"Time becomes our fundemental reference. We are chronocentric." I don't really follow here either. I hold that our senses themselves are our most fundemental references for ANYTHING in the universe. Senses, of course, need space and time to function - but that falls under "universe."

"We even say the universe started 13.7 b years ago." Uh, yeah. We also say "That wall is 2 meters away from me." Because "Me" is the center of all we experience.

"With different grabity, different life can create different time." (What.) "They look very differently at the cosmos." There, you see? Look very differently at the cosmos. Everyone looks in their own way at everything. That's why experiences are subjective.

"Because we only look at the universe through our time, we only see a fraction of the universe." What's the difference between this and: Because we look at things through our own eyes, we only see a fraction of everything there is to see in the universe?

So, he's saying that aliens might live in a different time than we, and this is why we can't see each other. Oh, I agree completely with this. Because it's blatantly obvious. I can't see a person who left 5 minutes ago either. Yes, it would be marvelous to be a time traveller.

Then he explains his experience of going into space on a space shuttle. Yes, it must have been incredible and thought provoking. "Some of those programs, they don't work in space." Well, yeah. Duh, you're in a completely different enviroment to what you're used to. Someone who never went swimming and gets dumped into water would be equally confused.

So then he spins some blindfolded dude around who can't point at the ceiling and this is somehow proof that without gravity you can't tell time? What. Ever seen children playing this game with a blindfold and spinning? They can't tell which way they were pointing to a minute ago either. Because they're used to using sight to orient themselves.

Where the hell does gravity even enter the equation here? Seriously? I can't "What." enough.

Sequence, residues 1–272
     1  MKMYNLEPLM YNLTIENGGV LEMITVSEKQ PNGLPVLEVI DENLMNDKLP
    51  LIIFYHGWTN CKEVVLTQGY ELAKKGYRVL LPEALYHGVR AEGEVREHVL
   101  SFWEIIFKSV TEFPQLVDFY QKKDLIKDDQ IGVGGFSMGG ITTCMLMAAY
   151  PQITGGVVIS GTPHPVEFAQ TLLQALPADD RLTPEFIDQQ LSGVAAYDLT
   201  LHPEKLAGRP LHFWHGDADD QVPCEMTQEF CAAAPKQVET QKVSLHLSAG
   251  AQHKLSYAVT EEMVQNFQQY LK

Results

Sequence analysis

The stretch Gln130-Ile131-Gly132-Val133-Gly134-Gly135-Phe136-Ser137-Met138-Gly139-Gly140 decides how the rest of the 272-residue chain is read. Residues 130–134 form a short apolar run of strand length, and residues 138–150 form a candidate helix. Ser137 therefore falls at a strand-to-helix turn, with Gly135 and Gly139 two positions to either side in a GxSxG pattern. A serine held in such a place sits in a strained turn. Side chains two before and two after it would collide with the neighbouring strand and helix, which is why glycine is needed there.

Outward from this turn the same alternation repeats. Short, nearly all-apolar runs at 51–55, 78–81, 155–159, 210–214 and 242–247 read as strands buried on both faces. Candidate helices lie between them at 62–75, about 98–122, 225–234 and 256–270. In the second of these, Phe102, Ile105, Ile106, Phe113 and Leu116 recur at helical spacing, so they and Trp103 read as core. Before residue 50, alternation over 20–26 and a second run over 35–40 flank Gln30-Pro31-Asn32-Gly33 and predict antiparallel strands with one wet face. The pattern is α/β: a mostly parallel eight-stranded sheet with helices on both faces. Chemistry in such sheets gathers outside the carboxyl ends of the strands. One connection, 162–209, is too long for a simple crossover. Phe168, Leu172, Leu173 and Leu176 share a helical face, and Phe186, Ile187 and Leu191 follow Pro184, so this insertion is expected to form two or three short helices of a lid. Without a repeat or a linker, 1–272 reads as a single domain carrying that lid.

Then he talks about the central nervous system contemplating km/h and k/h/s and how the nervous system makes time. Well... the central nervous system is what is actually experiencing anything. As we see it, it also makes space. And objects. Acceleration, speed. It makes everything. Because experiences are subjectively being made inside of our central nervous system.

Then he describes some optical illusions. These are connected to our sense of time, how exactly?

What if there's a microphone nearby?:mellow:
That counts as 'someone' being there to hear it.





All this is reminding me of an explanation of time as the fourth dimension I once read. How does a two dimensional being, shaped like a piece of paper, for example, experience three dimensional space? You move the paper through various things, and, sequentially, it will experience entire 3D objects. It will experience the movement itself as time and 2D cross sections of objects as units of time. How do we then, as 3D beings, experience a universe with more dimensions than 3? By moving through it - and we experience that movement as time.






But... None of that matters here. All that we experience we experience subjectively. We don't know if space really exists. We don't know if time really exists. And we can't find out.